come. / Were you to have called present, but the consequence to the future, as in these
me, I would have come. examples:
Would he have succeeded had I
helped him? / Would he have suc- If you are young, you will like that book. (I do not
ceeded were I to have helped him? know how old you are.)
If you are already so good at it, you will be a master
Another possible pattern (similar to that mentioned under in one year.
the second conditional) is if it hadn't been for... (inverted
form: had it not been for ...), which means something like If he is already here, you will nd him.
in the absence of ..., with past reference. For clauses
with if only, see Uses of English verb forms Expressions Formally, every sentence above looks like the rst condi-
of wish. tional, with the condition having future meaning,[2] which
was not our intention. Generally, context and auxiliary
For the possible use of would in the condition clause, see
words like already, at present, etc. sometimes are
Use of will and would in condition clauses. Occasion-
enough to inform us that the condition has present mean-
ally, with a rst person subject, would is replaced with
ing, but sometimes are not, which leads to ambiguity, for
should. In the main clause, the auxiliary would can be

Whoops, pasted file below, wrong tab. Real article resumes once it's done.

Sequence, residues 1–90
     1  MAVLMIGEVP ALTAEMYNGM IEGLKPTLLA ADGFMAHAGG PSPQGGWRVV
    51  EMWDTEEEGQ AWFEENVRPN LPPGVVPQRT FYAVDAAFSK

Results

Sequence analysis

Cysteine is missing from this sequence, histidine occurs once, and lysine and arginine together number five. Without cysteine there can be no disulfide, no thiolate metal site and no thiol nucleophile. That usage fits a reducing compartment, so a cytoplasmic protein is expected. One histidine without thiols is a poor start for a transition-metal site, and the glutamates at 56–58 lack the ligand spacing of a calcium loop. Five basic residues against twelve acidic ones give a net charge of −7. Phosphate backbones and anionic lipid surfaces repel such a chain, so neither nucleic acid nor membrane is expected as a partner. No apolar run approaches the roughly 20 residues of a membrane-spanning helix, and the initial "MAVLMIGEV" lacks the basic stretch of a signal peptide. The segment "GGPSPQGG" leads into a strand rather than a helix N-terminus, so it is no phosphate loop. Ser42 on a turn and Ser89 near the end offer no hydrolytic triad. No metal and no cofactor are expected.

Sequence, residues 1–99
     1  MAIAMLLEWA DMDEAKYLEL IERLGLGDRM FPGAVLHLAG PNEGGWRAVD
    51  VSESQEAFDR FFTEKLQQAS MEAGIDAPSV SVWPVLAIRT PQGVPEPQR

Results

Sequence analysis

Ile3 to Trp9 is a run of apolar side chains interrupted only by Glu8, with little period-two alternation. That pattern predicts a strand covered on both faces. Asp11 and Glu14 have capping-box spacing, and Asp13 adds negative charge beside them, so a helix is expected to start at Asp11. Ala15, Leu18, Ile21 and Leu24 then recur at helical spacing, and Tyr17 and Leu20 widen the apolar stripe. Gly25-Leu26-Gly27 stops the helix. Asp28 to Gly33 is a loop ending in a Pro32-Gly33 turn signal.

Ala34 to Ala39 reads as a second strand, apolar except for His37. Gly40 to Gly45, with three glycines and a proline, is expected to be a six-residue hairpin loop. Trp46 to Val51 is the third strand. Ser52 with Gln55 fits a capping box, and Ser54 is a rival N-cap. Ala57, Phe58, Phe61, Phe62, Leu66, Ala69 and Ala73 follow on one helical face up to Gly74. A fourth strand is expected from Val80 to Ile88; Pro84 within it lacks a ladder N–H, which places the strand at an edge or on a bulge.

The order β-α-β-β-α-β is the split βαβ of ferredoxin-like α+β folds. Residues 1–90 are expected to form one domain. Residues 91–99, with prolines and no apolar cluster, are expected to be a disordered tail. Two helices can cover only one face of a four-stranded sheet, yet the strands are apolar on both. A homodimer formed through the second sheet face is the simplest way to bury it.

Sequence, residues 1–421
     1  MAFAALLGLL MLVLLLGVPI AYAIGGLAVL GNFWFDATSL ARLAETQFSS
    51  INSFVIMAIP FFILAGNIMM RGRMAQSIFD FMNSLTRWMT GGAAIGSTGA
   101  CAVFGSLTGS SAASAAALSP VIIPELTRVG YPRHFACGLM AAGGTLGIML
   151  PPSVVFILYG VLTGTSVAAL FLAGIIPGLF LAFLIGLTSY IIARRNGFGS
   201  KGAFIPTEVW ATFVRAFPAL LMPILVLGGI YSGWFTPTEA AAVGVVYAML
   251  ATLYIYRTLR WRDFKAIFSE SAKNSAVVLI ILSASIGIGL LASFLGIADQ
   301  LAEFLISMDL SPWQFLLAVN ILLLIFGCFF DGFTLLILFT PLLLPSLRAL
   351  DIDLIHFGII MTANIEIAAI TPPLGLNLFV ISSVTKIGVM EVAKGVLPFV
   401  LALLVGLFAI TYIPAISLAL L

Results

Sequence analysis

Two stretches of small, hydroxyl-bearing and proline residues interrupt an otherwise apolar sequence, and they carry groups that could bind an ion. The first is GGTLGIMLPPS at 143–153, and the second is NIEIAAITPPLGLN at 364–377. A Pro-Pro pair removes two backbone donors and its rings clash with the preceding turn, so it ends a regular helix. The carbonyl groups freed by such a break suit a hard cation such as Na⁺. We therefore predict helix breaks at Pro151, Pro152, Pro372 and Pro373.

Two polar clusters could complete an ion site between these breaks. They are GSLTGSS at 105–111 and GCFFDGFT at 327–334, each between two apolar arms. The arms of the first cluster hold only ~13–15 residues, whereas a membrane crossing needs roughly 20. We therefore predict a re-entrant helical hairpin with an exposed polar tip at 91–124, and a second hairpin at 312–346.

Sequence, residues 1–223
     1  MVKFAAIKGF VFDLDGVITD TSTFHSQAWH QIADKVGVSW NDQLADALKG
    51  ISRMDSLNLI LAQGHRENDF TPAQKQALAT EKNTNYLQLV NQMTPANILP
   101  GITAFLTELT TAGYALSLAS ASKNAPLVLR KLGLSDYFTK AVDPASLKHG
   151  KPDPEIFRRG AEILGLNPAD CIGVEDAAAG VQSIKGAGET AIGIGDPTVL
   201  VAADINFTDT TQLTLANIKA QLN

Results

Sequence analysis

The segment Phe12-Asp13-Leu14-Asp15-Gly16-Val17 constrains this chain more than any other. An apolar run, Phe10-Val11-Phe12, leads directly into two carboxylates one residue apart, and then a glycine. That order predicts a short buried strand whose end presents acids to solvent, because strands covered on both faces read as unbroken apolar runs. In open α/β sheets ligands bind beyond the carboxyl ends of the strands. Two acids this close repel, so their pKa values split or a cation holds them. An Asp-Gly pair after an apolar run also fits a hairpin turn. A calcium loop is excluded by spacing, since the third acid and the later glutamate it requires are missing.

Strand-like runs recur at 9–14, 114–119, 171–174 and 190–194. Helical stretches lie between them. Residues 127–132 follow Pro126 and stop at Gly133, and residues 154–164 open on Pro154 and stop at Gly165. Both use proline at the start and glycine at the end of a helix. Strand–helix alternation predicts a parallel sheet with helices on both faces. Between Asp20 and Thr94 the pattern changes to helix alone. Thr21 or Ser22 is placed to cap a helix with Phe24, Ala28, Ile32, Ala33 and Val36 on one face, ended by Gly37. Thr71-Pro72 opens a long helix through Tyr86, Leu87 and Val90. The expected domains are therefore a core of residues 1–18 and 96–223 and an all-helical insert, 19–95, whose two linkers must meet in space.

replaced by could or might, as described for the second
If you do it now, you will not have to do it later.
If only one of the two clauses has past reference, a mixed
conditional pattern (see below) is used. The word now can be interpreted as at present or in
the immediate future. Hence the condition can refer
both to the present and future.
2.5 Mixed conditional
Mixed conditional usually refers to a mixture of the sec-
ond and third conditionals (the counterfactual patterns). 3 Use of will and would in condi-
Here either the condition or the consequence, but not tion clauses
both, has a past time reference.
When the condition refers to the past, but the conse- As noted above regarding the rst conditional, will (or
quence to the present, the condition clause is in the past shall) is not normally used to mark future time reference
perfect (as with the third conditional), while the main in a condition clause; instead an ordinary present tense is
clause is in the conditional mood as in the second condi- used:
tional (i.e. simple conditional or conditional progressive,
but not conditional perfect). If she wins (not: will win) tomor-
row, I'll eat my hat.
If you had done your job properly,
we wouldn't be in this mess now. However, there are certain situations where will can ap-
If I hadn't married Kelly, I wouldn't pear in a condition clause. One type of situation is re-
be living in Scotland now. ferred to above under zero conditional, where will ex-
presses futurity, but the sentence as a whole expresses
When the consequence refers to the past, but the con- factual implication rather than a potential future circum-
dition is not expressed as being limited to the past, the stance: If aspirins will cure it, I'll take a couple tonight